This April, Sophie and Scott picked up a varied selection of books including the conclusion to a series that has spanned nearly 20 years, the latest novel from David Duchovny, and a fascinating memoir by an MIT astrophysicist. They hope you find something to enjoy from this month’s reviews.
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Rebel Girls Climate Warriors by Rebel Girls
The Rebel Girls franchise has grown from a single book to multiple volumes plus games, jigsaws, and more. Rebel Girls Climate Warriors is part of a recent spin-off series exploring women who have changed the world in a specific area, this one naturally focused on the environment and climate change.
The book introduces 25 women from around the world. Many familiar faces are included like Greta Thunberg, Marjory Stoneman Douglas, and Rachel Carson, but there are also less familiar activists like Danni Washington, Esohe Ozigbo, and Hu Weiwei. Each person gets a two-page spread with a short biography exploring their contributions and a full-page illustration—with all those illustrations created by different female artists. Obviously, with only one page per person, these biographies aren’t particularly in-depth, but all of them pack a surprising amount of detail into their few paragraphs. The illustrations too are amazingly vivid and packed with color and detail.
This isn’t the first book of this type that Sophie has read and she found it broadly similar to many other short-biography collections aimed at young readers, but that isn’t a criticism. Anyone who has read a similar book in the past may find that Rebel Girls Climate Warriors retreads familiar old ground, but for the young target audience this collection will hopefully be filled with interesting and inspiring new information.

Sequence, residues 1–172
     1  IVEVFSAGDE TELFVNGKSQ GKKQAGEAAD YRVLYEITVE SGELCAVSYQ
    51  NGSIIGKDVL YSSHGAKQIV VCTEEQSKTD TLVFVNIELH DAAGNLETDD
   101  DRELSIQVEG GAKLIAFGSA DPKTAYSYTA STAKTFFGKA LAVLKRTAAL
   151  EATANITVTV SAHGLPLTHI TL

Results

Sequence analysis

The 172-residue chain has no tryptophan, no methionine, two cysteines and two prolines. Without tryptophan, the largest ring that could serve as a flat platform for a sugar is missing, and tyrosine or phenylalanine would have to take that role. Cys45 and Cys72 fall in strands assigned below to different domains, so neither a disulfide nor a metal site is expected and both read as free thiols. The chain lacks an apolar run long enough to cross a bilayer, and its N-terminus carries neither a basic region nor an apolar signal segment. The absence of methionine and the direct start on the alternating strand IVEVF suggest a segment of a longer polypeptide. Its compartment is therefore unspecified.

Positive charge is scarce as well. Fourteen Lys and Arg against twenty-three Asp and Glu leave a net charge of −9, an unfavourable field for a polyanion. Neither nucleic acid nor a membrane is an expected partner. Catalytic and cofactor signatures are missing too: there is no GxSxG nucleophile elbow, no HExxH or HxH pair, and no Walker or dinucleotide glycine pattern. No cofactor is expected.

The Reservoir by David Duchovny
Have you ever reached the end of a book and struggled to know if A) you’re just too stupid to understand it or B) the book really is just a load of pretentious nonsense? For Sophie, one of those books was The Reservoir by David Duchovny.
Originally released exclusively on Audible and narrated by the author, The Reservoir is now being released as a short novella and at just 121 pages—short really is the keyword. At the beginning of its few pages, we meet Ridley. Ridley lives alone in his New York City apartment that overlooks the area of Central Park known as the Reservoir. Covid is ravaging the city and Ridley has isolated himself away from the danger, but when he sees lights flickering on and off from another building, he can’t help but respond in kind. This simple gesture sends Ridley on a strange adventure into the park itself where he tries to find the person he has been signaling and meets with others including the men who linger in the bushes of the Ramble in hopes of an anonymous encounter.
Part fever dream, part… who knows what. The Reservoir covers conspiracies, loss, loneliness, grief, family, and the connections found between humans during that bizarre period of isolation we all found our own ways through. Unfortunately, it does so in a style that perfectly suits a book that largely takes place in an area known as the Ramble. It was hard to know exactly what was going on. How much was real, how much was the product of exhaustion or of an imagination running rampant with fever? The overall weirdness detracted from what started out as an interesting story and the whole thing ended up feeling like more of a confusing mess than a work of covid-inspired genius. Or maybe Sophie just simply isn’t smart enough to “get” this one?
The Smallest Lights in the Universe by Sara Seager
Sophie has recently discovered that she rather enjoys memoirs. Given that she also has a lifelong love of astrophysics, The Smallest Lights in the Universe by Sara Seager was a must-read when she heard about it, even if it did take her two years to finally pluck it from her TBR…